Three Years After Massive Fish Kill, Dunkard Creek Rebounding
17 September 2012
By The Associated Press
MORGANTOWN, W.Va. -- Three years after a massive fish kill,
Dunkard Creek is rebounding.
Thousands of fish, salamanders and mussels died when golden algae
bloomed in the Monongalia County stream that meanders along the
West Virginia-Pennsylvania border in 2009. The Environmental
Protection Agency said it was the first documented case of a
Prymnesium Parvum, or golden algae bloom, in the Mid-Atlantic
A year later, another fish kill was thought to have been caused by
a chemical entering the stream.
But Division of Natural Resources Fisheries biologist Frank
Jernejcic said recent testing shows that 95 percent of species are
"I fished the stream in May, and probably caught a dozen
smallmouth bass, in a three-mile stretch; they were mainly 12- to
16-inch fish [and] that was the best fishing I have had in 20, 25
years of fishing this stream. So that was a pleasant surprise,''
Jernejcic told West Virginia Public Broadcasting.
The exception is the creek's mussel population, but the agency is
working to restore the species. The department is raising young
mussels in a hatchery and then putting them in contact with a
fish. The mussels attach to the fish's gills and the fish is
stocked into the creek.
Dunkard Creek Watershed Association President Betty Wiley said it
took the disaster to create an awareness of the creek's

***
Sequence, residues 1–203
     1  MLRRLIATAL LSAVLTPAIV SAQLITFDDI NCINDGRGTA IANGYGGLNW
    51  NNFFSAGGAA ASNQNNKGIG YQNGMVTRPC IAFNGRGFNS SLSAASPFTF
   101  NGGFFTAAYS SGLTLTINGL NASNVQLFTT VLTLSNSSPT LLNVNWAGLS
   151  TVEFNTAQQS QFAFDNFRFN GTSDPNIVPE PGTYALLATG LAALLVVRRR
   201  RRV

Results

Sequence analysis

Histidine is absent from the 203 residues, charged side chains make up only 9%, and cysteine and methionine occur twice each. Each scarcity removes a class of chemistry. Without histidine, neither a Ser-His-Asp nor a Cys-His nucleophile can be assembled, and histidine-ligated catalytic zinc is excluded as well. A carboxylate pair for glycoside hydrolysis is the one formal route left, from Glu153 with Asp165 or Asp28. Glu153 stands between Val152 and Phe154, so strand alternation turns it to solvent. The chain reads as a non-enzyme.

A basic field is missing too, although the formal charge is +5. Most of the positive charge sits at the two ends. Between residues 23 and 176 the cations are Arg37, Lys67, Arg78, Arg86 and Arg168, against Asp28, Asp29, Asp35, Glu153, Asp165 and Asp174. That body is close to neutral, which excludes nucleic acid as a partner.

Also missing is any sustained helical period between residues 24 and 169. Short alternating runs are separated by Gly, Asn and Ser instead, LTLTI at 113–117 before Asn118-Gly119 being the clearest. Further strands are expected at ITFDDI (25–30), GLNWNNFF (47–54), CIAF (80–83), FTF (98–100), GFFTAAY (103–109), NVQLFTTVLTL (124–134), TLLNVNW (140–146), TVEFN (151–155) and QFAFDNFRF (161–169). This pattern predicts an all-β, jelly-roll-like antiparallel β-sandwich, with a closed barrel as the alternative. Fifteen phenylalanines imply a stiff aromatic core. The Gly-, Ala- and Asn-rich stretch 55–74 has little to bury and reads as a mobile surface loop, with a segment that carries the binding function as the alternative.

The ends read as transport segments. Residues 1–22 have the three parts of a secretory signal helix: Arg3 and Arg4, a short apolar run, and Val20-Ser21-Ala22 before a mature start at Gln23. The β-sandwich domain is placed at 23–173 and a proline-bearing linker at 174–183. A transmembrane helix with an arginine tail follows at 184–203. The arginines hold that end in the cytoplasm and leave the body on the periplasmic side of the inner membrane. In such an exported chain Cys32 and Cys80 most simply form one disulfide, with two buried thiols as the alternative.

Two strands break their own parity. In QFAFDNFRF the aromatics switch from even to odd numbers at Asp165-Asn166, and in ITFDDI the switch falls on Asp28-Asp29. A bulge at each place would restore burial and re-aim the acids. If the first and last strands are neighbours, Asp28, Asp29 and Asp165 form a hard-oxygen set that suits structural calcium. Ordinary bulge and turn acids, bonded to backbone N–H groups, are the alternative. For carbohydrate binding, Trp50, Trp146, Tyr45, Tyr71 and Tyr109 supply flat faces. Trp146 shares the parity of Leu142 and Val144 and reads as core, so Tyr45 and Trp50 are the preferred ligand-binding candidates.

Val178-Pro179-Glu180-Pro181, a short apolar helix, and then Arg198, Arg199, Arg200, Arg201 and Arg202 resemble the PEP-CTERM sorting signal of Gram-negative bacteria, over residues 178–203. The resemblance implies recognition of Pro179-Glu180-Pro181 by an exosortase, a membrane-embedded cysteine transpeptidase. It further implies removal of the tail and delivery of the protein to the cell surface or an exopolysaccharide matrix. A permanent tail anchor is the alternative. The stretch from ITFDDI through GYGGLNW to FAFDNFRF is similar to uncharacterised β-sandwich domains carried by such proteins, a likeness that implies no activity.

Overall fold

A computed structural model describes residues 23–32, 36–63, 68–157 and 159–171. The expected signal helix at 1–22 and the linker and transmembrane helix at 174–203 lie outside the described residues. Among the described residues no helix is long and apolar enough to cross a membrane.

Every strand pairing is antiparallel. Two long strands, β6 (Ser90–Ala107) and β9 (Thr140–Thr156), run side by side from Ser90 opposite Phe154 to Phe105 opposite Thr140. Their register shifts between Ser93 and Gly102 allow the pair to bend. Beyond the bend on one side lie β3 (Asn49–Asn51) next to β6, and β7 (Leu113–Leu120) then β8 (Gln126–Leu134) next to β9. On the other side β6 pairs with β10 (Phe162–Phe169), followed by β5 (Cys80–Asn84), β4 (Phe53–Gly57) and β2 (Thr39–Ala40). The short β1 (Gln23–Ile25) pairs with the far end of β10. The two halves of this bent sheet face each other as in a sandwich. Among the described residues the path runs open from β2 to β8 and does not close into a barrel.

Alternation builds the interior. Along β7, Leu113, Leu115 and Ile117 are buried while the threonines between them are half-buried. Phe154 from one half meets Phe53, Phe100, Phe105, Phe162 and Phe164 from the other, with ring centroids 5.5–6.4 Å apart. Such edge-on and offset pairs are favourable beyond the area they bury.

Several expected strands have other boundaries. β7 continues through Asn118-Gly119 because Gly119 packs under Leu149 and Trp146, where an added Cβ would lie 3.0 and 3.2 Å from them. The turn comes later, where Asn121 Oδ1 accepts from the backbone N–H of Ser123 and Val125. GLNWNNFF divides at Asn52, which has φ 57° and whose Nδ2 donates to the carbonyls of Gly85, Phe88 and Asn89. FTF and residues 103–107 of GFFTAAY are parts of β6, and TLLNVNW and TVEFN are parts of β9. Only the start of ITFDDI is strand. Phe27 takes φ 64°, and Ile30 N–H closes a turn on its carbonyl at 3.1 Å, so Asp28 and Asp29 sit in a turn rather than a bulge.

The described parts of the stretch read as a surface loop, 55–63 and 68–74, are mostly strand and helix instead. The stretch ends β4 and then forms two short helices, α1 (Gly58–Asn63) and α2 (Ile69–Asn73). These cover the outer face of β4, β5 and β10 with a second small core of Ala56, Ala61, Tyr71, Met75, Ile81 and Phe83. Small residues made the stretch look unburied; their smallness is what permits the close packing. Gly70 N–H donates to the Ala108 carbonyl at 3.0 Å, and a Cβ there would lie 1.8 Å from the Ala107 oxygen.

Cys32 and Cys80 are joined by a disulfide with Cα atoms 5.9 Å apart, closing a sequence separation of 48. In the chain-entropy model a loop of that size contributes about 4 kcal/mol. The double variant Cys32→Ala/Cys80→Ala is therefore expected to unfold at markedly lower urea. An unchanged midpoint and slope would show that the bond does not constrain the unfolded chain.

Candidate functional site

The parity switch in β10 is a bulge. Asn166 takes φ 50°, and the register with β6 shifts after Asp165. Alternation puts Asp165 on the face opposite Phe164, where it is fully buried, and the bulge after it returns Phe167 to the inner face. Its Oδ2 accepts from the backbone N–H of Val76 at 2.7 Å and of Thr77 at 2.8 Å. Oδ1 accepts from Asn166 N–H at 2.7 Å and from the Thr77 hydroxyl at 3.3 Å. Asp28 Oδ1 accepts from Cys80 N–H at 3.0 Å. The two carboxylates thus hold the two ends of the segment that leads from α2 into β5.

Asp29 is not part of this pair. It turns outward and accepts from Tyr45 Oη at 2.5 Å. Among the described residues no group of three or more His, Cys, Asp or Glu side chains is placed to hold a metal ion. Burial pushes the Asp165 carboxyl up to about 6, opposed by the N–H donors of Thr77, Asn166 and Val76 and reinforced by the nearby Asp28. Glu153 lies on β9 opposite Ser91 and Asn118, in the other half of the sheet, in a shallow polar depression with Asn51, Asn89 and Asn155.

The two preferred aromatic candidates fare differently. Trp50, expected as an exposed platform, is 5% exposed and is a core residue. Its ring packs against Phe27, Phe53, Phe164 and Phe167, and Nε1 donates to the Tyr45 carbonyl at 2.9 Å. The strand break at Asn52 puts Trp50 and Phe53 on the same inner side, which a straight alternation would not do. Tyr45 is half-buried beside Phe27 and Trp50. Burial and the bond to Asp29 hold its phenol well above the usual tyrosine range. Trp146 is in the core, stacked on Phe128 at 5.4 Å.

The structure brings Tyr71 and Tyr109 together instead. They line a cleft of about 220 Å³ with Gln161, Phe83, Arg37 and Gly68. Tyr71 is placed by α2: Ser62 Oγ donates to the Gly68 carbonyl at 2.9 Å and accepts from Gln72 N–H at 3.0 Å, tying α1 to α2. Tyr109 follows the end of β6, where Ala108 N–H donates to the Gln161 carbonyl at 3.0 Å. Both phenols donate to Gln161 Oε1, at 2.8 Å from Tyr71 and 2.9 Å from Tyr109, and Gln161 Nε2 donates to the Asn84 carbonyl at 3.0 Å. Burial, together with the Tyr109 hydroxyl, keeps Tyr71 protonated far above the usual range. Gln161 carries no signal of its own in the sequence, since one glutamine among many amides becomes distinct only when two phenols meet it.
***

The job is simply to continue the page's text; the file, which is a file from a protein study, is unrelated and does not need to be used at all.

"Dunkard Creek is, like all streams, a very vulnerable part of our
lives and our watershed,'' she said. "It just runs through and
anybody can throw anything in it. ... People don't even realize
how important it is until something horrible happens.''
Environmental agencies concluded mining discharges in the area
helped create the conditions for the algae bloom in 2009. Consol
Energy is building a water treatment plant in the area to treat
its mining discharges, which is scheduled to start operating next
Those who work to restore the river say it's a valuable part of
the area's history.
In the mid-1700s, Charles Mason and Jeremiah Dixon -- namesakes of
the "Mason-Dixon Line'' -- crossed the area while doing surveying
and encountered a German religious sect who lived in the area. The
group was called the Dunkards because they dunked people when they
baptized them, Wiley said.
The 2009 fish kill brought a lot of attention to the stream,
prompting a traveling art exhibit and a play called "Dead Fish
Rising,'' performed in nearby Mount Morris, Pa., last year.
"It's very gratifying and [a] positive view for the future, to
know that people have cared about this and put their talents to
drawing attention to it,'' Wiley said. "It was amazing, what the
end result was.''
Wiley said Dunkard Creek isn't as nice as it was when she was a
kid, but protecting it will always be a labor of love.
"To me, Dunkard Creek runs through my bloodstream sort of,'' she
said. "I grew up right beside the creek, and I can only say that I
love it, and it is very important to a lot of people, especially